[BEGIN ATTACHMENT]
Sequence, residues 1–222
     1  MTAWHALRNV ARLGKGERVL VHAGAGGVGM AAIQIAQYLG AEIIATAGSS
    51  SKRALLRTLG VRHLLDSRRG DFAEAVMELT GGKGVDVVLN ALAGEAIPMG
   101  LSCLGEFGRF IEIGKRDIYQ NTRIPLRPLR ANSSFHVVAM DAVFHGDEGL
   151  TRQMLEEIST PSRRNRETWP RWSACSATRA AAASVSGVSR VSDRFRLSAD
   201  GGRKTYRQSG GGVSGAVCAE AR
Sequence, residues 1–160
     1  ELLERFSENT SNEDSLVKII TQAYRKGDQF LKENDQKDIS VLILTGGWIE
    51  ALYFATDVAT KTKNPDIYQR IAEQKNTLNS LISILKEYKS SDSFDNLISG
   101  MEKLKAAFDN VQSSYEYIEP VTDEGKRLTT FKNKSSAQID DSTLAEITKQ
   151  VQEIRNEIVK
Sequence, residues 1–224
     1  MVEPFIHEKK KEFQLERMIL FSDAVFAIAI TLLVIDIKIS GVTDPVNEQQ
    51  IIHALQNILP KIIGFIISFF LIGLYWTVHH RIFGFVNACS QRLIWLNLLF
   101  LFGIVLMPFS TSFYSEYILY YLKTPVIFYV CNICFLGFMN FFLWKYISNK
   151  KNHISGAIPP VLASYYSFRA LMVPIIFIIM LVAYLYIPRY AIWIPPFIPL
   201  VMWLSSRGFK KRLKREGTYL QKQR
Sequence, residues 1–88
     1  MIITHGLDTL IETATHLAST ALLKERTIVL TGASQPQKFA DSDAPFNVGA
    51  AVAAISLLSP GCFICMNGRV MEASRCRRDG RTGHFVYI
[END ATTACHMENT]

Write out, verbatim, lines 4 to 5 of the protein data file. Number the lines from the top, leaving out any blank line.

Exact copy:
   101  LSCLGEFGRF IEIGKRDIYQ NTRIPLRPLR ANSSFHVVAM DAVFHGDEGL
   151  TRQMLEEIST PSRRNRETWP RWSACSATRA AAASVSGVSR VSDRFRLSAD